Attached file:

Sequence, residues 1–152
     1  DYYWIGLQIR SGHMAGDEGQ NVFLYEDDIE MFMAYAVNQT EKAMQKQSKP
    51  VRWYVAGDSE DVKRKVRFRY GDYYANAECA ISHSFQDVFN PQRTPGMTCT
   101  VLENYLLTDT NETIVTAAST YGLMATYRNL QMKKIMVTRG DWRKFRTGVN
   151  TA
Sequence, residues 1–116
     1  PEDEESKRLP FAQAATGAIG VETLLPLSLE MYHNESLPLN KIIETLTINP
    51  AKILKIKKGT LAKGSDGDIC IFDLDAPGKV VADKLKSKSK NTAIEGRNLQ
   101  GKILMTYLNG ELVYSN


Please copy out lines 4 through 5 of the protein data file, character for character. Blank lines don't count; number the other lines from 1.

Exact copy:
   101  VLENYLLTDT NETIVTAAST YGLMATYRNL QMKKIMVTRG DWRKFRTGVN
   151  TA